While junior and intermediate mining companies raised 17% more capital in March and April, compared with the first two months of the year, increasingly tough markets will likely choke off some exploration work, Nova Scotia-based Metals Economics Group (MEG) said last week.
“Drilling activity remains lower than the highs of 2011 as adverse markets continue to make financing very difficult for early-stage explorers,” the consultancy said.
As concerns over Greece’s economy and a Chinese slowdown swelled, investors fled commodities and mining equities, both seen to be risky investments.
Markets continued to slide in May, with gold falling over 7% during the month to bottom at $1 536/oz, before staging a recovery to above $1 580/oz.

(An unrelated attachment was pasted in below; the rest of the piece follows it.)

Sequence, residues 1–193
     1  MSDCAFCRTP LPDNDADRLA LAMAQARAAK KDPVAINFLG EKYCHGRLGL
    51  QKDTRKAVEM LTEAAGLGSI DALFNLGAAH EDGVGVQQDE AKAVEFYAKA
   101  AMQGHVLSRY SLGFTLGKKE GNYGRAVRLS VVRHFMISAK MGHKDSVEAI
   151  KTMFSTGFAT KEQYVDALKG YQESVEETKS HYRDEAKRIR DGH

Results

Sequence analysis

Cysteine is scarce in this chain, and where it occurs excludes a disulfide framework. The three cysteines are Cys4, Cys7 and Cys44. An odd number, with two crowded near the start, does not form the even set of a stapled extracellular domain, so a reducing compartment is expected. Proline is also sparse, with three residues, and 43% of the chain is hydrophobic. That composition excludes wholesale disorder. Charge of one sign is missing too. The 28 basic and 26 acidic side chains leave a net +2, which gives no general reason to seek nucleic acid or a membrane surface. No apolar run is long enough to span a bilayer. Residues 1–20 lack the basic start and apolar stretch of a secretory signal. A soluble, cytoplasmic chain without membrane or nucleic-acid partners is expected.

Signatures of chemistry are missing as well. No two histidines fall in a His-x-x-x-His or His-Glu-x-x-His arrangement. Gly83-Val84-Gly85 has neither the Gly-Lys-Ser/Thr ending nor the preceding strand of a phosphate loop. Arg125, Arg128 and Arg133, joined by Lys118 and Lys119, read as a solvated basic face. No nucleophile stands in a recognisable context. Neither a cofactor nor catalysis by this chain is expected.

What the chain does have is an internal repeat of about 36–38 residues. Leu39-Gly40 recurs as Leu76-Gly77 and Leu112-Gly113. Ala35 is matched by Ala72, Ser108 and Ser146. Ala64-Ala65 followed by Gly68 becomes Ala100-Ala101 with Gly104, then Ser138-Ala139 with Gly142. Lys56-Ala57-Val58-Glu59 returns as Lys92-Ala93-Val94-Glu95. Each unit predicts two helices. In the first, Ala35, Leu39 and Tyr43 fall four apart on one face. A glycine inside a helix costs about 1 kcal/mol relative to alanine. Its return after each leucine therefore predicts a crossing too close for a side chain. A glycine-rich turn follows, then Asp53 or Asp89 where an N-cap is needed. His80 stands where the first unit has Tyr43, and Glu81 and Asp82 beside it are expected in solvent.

MEG said drilling for the yellow metal has remained stagnant since peaking in November.
“As long as adverse markets continue to make equity funding scarce, particularly for early-stage explorers, drilling activity will likely remain below the highs of late 2011.”
Junior and intermediate companies raised $2.6-billion during March and April in finan-cings worth more than $2-million each.
While gold financings were flat during the two months, the $712-million in debt raised during the period is almost quadruple the financings the industry raised in January and February, and is the highest two-month debt total in the MEG Industry Monitor’s four-year history.